Joint care can outweigh costs of nonkin competition in communal breeders

Bebbington, Kat, Fairfield, Eleanor, Spurgin, Lewis, Kingma, Sjouke Anne, Dugdale, Hannah, Komdeur, Jan and Richardson, David S. (2018) Joint care can outweigh costs of nonkin competition in communal breeders. Behavioral Ecology, 29 (1). 169–178. ISSN 1045-2249

[img] PDF (Accepted manuscript) - Submitted Version
Restricted to Repository staff only until 31 December 2099.

Download (423kB) | Request a copy
[img]
Preview
PDF (Published manuscript) - Published Version
Available under License Creative Commons Attribution.

Download (293kB) | Preview

Abstract

Competition between offspring can greatly influence offspring fitness and parental investment decisions, especially in communal breeders where unrelated competitors have less incentive to concede resources. Given the potential for escalated conflict, it remains unclear what mechanisms facilitate the evolution of communal breeding among unrelated females. Resolving this question requires simultaneous consideration of offspring in noncommunal and communal nurseries, but such comparisons are missing. In the Seychelles warbler Acrocephalus sechellensis, we compare nestling pairs from communal nests (2 mothers) and noncommunal nests (1 mother) with singleton nestlings. Our results indicate that increased provisioning rate can act as a mechanism to mitigate the costs of offspring rivalry among nonkin. Increased provisioning in communal broods, as a consequence of having 2 female parents, mitigates any elevated costs of offspring rivalry among nonkin: per-capita provisioning and survival was equal in communal broods and singletons, but lower in noncommunal broods. Individual offspring costs were also more divergent in noncommunal broods, likely because resource limitation exacerbates differences in competitive ability between nestlings. It is typically assumed that offspring rivalry among nonkin will be more costly because offspring are not driven by kin selection to concede resources to their competitors. Our findings are correlational and require further corroboration, but may help explain the evolutionary maintenance of communal breeding by providing a mechanism by which communal breeders can avoid these costs.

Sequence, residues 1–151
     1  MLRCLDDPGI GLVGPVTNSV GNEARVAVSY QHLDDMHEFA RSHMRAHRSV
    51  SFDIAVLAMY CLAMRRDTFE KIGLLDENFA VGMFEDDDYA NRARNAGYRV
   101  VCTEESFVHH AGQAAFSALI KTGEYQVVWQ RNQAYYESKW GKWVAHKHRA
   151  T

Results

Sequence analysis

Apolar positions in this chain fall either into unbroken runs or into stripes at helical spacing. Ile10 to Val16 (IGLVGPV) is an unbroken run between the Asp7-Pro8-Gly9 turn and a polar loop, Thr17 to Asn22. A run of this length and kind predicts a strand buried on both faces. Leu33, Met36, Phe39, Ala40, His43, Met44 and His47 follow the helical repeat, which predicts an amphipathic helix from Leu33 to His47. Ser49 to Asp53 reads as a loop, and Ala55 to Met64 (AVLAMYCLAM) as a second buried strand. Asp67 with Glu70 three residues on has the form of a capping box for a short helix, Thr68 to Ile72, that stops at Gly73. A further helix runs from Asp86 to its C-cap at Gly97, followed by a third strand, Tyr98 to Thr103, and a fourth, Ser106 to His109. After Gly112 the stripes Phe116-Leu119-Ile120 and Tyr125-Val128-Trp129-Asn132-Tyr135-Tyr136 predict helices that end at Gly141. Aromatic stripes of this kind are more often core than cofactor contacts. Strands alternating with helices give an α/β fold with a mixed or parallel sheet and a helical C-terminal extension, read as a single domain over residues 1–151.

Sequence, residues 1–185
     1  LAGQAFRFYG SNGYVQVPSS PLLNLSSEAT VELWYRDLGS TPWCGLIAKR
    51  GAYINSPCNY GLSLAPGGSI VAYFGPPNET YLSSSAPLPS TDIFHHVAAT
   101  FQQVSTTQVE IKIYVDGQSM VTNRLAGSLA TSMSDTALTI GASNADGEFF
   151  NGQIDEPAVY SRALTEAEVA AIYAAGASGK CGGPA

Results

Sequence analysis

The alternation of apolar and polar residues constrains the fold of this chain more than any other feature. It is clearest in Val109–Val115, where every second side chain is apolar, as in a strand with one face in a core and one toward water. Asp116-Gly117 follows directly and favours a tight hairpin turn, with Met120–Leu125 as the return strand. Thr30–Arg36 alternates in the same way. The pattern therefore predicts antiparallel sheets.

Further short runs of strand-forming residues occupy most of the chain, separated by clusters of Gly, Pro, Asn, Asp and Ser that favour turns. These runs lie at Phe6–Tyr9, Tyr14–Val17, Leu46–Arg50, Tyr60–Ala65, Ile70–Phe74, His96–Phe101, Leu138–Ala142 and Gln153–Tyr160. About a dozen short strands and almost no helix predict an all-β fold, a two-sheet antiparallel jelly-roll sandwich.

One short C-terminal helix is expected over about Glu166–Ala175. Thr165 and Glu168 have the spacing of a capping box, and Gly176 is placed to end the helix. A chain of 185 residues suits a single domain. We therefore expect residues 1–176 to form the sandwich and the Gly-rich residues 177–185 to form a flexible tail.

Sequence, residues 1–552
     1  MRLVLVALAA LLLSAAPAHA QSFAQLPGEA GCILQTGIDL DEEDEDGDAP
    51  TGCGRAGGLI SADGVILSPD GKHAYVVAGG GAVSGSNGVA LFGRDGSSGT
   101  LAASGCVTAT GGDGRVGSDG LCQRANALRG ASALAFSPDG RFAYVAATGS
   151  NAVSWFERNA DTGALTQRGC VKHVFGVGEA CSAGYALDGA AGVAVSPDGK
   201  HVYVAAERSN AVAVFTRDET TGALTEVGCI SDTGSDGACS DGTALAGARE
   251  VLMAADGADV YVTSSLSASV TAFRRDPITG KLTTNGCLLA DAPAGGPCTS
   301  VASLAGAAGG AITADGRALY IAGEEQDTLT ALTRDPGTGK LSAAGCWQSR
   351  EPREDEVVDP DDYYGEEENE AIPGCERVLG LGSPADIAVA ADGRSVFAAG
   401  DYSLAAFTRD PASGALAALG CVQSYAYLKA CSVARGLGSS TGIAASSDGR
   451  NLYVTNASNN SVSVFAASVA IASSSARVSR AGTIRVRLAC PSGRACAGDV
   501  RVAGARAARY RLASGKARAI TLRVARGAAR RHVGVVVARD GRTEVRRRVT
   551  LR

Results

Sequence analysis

Item Type: Article
Uncontrolled Keywords: offspring rivalry,relatedness,communal breeding,cooperative breeding,seychelles warbler,competition
Faculty \ School: Faculty of Science > School of Biological Sciences
Faculty of Science
Depositing User: Pure Connector
Date Deposited: 19 Sep 2017 05:07
Last Modified: 13 Oct 2019 00:26
URI: https://ueaeprints.uea.ac.uk/id/eprint/64915
DOI: 10.1093/beheco/arx137

Actions (login required)

View Item View Item